Fungal acne or Malassezia is a skin inflammation that happens around hair follicles.
Fungal acne looks like regular pimples but not the same thing.
Bacteria bring about usual pimples, but fungal ones are caused by a fungus (yeast).
They can be reduced with the help of oral medications, or just body wash.
Fungal infections are Pityrosporum folliculitis or Malassezia folliculitis.
Lipophilic Malassezia yeasts cause Pityrosporum. These yeasts exist in your skin naturally. But when they increase too much, they will make pimples.
To explain, If surplus yeast enters your hair follicles, it can result in itching, inflammation, and pimples.
This yeast, just like mushrooms, comes from the same biological category, for that reason, it is called fungal acne.
Possible Causes of fungal acne
Typically fungal grow in hot and humid environments. As for example, around parts of your body, which perspire.
So warm weather, exercising a lot, or anything that causes you to sweat, can give rise to the risk of getting this fungal infection (Pityrosporum folliculitis).
For this reason, parts of the body, like back, chest, shoulders, and face, are more likely to get affected.
Here are some possible causes of Pityrosporum folliculitis:
- Oily skin
- Excessive use of fatty products
- Some medications
Symptoms of fungal infections
Fungal acne typically appears on parts of the body like back, shoulders, and chest.
Pityrosporum folliculitis is smaller than 1 millimeter, and they usually don't pop up at different sizes.
If that area of your skin is itching or burning, it can be another symptom. That's because of inflammation in your hair follicles.
Remember that blackheads and whiteheads are not usually fungal.
In addition, you can't treat the Pityrosporum folliculitis by using the medicines for common pimples.
Because the root cause of common pimples is bacteria, not a fungus. So, medications for ordinary pimples are useless in treating fungal acne.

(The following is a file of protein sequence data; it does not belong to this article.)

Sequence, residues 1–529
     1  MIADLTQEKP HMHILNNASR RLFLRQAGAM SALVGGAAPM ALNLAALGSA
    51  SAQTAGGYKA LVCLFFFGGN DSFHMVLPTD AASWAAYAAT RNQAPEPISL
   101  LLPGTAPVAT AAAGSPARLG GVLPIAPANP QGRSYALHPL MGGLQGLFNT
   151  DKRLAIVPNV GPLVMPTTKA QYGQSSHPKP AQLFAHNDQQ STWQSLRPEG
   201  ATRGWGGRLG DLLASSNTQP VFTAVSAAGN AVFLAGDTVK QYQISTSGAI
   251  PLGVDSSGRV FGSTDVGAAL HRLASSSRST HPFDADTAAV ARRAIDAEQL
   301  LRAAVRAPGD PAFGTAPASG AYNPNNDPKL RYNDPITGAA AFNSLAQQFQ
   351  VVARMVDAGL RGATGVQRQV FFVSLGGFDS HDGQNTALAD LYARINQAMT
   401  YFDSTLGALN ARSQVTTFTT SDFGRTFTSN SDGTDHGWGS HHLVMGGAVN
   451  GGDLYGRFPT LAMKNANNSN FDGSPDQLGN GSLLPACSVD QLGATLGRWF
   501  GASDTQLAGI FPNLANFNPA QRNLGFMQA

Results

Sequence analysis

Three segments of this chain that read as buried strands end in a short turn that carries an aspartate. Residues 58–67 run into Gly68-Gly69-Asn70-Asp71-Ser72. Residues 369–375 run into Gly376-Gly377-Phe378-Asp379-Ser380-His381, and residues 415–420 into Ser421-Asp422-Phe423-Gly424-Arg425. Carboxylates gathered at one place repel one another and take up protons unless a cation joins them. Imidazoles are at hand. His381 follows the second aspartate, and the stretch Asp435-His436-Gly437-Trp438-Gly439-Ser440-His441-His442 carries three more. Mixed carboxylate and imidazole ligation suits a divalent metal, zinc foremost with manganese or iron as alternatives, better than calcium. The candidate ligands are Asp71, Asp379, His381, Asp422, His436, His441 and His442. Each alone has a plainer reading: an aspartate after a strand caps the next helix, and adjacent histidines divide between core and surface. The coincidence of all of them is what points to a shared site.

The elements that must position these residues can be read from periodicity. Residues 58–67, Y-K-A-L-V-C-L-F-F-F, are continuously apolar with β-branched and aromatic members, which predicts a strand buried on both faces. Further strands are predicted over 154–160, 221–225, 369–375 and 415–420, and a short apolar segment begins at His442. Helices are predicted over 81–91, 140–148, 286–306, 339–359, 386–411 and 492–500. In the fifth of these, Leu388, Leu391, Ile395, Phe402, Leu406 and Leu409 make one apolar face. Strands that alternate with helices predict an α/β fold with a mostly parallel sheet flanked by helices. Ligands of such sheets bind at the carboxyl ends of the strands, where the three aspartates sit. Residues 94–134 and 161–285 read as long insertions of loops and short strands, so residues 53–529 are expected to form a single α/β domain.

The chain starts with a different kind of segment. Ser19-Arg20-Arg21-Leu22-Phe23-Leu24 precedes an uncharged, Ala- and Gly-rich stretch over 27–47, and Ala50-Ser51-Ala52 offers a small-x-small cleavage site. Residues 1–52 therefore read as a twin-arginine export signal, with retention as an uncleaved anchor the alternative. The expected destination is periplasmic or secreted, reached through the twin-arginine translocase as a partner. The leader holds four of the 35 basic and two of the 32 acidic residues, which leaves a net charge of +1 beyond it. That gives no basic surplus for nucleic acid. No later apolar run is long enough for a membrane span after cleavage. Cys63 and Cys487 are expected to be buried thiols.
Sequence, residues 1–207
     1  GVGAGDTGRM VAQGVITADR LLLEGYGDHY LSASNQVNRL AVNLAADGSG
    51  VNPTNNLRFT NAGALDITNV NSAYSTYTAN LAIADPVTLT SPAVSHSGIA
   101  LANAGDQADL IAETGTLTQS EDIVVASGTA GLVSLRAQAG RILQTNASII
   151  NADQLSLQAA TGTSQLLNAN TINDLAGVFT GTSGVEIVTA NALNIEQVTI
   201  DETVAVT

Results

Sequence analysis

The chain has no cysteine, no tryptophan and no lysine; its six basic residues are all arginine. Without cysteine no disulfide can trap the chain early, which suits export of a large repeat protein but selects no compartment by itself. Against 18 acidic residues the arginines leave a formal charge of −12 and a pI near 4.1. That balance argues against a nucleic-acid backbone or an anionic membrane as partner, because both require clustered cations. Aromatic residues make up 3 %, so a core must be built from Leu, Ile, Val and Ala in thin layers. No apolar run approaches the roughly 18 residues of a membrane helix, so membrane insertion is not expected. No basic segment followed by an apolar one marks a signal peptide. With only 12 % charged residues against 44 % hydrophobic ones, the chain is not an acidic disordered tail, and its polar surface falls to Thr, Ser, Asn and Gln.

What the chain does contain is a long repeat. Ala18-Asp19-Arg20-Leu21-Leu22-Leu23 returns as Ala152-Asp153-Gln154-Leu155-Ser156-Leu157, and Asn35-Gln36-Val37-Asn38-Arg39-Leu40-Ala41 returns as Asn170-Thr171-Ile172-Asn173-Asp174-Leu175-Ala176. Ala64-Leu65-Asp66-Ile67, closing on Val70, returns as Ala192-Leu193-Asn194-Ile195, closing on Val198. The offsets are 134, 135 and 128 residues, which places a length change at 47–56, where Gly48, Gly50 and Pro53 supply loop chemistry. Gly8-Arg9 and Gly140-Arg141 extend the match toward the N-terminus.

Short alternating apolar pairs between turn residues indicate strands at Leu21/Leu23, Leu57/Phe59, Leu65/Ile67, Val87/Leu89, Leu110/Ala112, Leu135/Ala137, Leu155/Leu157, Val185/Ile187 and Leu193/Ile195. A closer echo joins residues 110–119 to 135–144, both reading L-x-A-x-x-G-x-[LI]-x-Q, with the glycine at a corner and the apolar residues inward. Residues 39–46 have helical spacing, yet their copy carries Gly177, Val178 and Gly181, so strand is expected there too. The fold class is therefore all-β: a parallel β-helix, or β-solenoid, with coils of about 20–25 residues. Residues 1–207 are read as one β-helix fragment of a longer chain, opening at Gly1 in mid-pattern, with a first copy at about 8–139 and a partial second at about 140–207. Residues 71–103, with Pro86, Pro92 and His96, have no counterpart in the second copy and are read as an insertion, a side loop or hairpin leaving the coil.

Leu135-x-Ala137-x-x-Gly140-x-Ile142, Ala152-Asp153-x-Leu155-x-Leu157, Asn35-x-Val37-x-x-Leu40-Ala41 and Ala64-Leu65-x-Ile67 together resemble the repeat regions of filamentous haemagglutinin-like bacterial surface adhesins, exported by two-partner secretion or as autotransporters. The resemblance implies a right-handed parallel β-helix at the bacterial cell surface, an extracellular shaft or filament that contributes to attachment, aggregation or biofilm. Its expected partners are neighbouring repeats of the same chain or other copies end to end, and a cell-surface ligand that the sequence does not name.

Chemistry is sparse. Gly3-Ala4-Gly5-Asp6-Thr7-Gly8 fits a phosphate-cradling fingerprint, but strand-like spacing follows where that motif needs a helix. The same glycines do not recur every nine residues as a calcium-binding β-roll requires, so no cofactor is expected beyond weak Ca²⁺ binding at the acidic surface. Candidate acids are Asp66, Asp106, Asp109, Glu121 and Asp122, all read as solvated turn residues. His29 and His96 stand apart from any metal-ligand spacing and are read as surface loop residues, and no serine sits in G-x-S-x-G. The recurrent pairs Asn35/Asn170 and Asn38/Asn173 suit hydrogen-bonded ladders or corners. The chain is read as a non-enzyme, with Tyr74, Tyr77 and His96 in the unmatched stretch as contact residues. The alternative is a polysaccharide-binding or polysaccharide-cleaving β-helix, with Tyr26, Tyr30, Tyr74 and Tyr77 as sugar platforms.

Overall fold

Where Can I Find The best complete treatment of acne?
ClearPores® is a complete package of products and supplements to treat acne and keep your skin healthy. It includes an herbal dietary supplement, deep facial wash, skin protection cream.
Disclosure: There’re a couple of affiliate links, which means we may get a little commission if you purchase.
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- Dréno, B., Pécastaings, S., Corvec, S., Veraldi, S., Khammari, A., & Roques, C. (2018). Cutibacterium acnes (Propionibacterium acnes) and acne vulgaris: a brief look at the latest updates. Journal of the European Academy of Dermatology and Venereology : JEADV, 32 Suppl 2, 5–14. https://doi.org/10.1111/jdv.15043
- Sparber, F., De Gregorio, C., Steckholzer, S., Ferreira, F. M., Dolowschiak, T., Ruchti, F., Kirchner, F. R., Mertens, S., Prinz, I., Joller, N., Buch, T., Glatz, M., Sallusto, F., & LeibundGut-Landmann, S. (2019). The Skin Commensal Yeast Malassezia Triggers a Type 17 Response that Coordinates Anti-fungal Immunity and Exacerbates Skin Inflammation. Cell host & microbe, 25(3), 389–403.e6. https://doi.org/10.1016/j.chom.2019.02.002
- Prindaville, B., Belazarian, L., Levin, N. A., & Wiss, K. (2018). Pityrosporum folliculitis: A retrospective review of 110 cases. Journal of the American Academy of Dermatology, 78(3), 511–514. https://doi.org/10.1016/j.jaad.2017.11.022
- Rubenstein, R. M., & Malerich, S. A. (2014). Malassezia (pityrosporum) folliculitis. The Journal of clinical and aesthetic dermatology, 7(3), 37–41.
- “Skin Conditions Associated with Malassezia.” Accessed June 6, 2020. https://dermnetnz.org/topics/malassezia-infections/